Rose in mouth

Mouth Rose by alyssathiele, on Flickr Creative Commons Attribution 2.0 Generic License by  alyssathiele

The tango cliché of dancing with a rose in the mouth is quite fascinating. It is everywhere, and everybody doing argentine tango wants absolutely nothing to do with it. But where does it come from?

I have often seen it associated with the silent movie star Rudolph Valentino, and suggested that it first appeared in the movie Four Horsemen of the Apocalypse (1921). So being curious, I had to check this out. Which was not so easy, as the Four Horsemen was not easily obtainable on DVD. Until I one day found out it was published as a bonus disc on the Valentino documentary The Great Lover (The documentary turned out to be quite interesting as well, leading to more Valentino movies for me).

The most famous scene from The Four Horsemen is when the young hero in the film dances tango in a bar in La Boca. This scene is quite interesting, and while not exactly correct, the tango in this scene is much better than what people usually associate with Hollywood tango in general and with Valentino’s tango in particular. Just don’t try those sacadas with spores on…   But no rose in mouth.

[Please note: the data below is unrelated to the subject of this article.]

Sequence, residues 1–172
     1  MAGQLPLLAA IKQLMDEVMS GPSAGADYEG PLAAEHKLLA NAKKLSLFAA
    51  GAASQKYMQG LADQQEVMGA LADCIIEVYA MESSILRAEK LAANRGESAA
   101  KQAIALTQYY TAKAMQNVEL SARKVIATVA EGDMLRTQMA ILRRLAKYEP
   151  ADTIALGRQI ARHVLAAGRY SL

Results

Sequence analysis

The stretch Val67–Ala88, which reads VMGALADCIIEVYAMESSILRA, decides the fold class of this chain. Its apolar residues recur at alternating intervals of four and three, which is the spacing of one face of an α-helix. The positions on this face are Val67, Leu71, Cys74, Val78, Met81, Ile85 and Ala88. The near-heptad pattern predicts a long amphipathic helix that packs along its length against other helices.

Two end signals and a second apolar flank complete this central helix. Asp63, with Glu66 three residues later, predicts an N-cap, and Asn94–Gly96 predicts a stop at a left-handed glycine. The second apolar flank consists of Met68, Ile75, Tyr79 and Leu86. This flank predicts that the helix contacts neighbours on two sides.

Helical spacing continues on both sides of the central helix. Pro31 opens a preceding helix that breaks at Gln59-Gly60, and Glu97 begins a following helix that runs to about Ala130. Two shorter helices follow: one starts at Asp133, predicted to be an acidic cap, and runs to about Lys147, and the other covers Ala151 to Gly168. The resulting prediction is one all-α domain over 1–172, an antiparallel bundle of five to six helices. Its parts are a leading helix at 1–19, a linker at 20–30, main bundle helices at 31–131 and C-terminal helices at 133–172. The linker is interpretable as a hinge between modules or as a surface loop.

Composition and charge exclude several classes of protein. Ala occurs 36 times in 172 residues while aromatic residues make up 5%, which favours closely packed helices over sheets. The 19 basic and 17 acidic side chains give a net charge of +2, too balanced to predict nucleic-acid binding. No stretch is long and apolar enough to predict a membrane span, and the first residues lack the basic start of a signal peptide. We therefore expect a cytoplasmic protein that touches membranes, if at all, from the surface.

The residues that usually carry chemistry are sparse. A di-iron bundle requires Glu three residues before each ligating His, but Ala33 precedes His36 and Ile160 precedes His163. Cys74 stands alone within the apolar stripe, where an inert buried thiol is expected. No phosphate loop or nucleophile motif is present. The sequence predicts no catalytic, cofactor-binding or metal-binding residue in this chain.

There is also a scene from Paris, where our hero dances tango in a much more sober fashion. And a scene involving a rose, but nobody ever puts it into anyone’s mouth.

So where does the rose and the Hollywood cliché then come from? It is certainly established in the Hollywood comedy _Some Like it Hot__ (1959)_, and Tom Lehrer sings about it in his song _Masochism Tango. _Both of these also suffer from a severe mix-up with flamenco, featuring castanets, which to my knowledge has never been used in Argentine tango. Possibly the flamenco tangos have something to do with the mix up, or perhaps the rule that Argentines had to perform in gaucho costumes in Paris in the early 20th century.

Enter another Valentino movie. Featuring flamenco, a whip, a bullfighter, and a rose in the mouth_. _The movie is Blood And Sand (1924), and Valentino plays the matador, the bullfighter. It features a scene where a woman puts a rose in her mouth after doing a flamenco. So this cliché probably stems from there.

Who first mixed the two together I have no idea, but I can’t say I think it is fair to blame it all on Valentino.

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